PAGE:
With his background as a miner and migrant labourer, there was a certain expectation that Gwede Mantashe would take up his new position with gusto.
Since his appointment to the “theatre of state capture”, it has become clear Mantashe has his work cut out for him. Judging from testimony delivered before the Zondo commission of inquiry by former mineral resources minister Ngoako Ramatlhodi, Mantashe’s predecessor — Mosebenzi Zwane — had turned the already tumultuous department into a den of corruption and mismanagement.
The department has closed two of its regional offices and started two internal investigations into functions such as mining licences and mine rehabilitation processes.
In September, Mantashe released a “mining charter of compromises” after seven months of “intensive engagements with stakeholders in the industry”.
Mantashe was tasked with reigniting negotiations for a third mining charter earlier in 2018 after Zwane caused a major rift between the industry and government. Zwane had published a new mining charter in June last year, which in part contributed to mining shares losing more than R50-billion in value in the following weeks.
In late November, the Xolobeni community in the Eastern Cape scored a significant victory when the high court in Pretoria ruled that the minister, in terms of the Interim Protection of Informal Land Rights Act, may not grant mining rights without the consent of the community and the people directly affected by that mining right.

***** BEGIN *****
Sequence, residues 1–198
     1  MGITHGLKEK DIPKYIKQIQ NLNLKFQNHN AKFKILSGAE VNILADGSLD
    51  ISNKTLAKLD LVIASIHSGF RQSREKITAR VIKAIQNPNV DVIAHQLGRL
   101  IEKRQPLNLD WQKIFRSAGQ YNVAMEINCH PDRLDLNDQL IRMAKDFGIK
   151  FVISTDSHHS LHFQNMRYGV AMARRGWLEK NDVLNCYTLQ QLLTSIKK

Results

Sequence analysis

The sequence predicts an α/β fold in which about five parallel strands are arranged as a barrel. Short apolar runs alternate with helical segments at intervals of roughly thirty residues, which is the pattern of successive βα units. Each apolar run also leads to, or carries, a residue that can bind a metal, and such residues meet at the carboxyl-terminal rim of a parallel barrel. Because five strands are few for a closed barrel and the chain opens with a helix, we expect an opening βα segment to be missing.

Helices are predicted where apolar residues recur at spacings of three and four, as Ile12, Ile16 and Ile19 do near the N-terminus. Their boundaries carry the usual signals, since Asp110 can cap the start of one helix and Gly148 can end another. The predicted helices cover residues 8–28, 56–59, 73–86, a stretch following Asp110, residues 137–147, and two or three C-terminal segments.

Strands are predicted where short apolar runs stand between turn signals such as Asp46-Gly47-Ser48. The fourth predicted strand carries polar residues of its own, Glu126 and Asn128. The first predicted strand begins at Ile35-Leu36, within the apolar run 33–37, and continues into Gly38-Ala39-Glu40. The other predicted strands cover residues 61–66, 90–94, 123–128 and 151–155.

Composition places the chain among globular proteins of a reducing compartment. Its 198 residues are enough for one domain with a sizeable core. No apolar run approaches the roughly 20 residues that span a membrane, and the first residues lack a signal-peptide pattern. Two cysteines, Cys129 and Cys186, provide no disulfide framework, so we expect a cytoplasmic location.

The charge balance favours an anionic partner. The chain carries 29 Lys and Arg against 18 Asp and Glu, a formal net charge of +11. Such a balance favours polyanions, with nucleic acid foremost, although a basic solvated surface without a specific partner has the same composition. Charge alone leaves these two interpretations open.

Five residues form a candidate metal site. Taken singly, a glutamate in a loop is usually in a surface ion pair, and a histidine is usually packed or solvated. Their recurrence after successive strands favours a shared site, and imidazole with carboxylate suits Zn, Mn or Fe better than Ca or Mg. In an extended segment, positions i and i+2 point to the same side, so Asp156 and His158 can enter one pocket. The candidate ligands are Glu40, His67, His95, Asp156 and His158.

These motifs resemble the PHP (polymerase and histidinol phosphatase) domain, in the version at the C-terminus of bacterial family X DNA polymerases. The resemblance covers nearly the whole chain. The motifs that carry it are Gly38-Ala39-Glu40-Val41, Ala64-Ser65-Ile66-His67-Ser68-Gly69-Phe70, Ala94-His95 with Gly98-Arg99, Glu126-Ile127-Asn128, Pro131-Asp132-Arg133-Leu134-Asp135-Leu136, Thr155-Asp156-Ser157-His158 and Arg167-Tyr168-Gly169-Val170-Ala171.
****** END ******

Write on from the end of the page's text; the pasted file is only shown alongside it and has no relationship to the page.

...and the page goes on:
Mantashe would go on to say: “With the attitude towards mining in South Africa, within the next 20 to 30 years mining will be banned in this country. You see the pressures from everybody else where mining is treated as a curse rather than a blessing. It is not treated as a wealth. It is treated more from the negative as a polluter. This is a deprivation that worries me a great deal. We should be just forced to mine responsibly.”
A month later, the Amadiba Crisis Committee said that, by appealing the high court’s decision, Mantashe does not respect the right it and other communities have to make decisions about their own land and they do not want him to visit them again.
He has inherited one of the worst portfolios in the country, but there is vast room for improvement.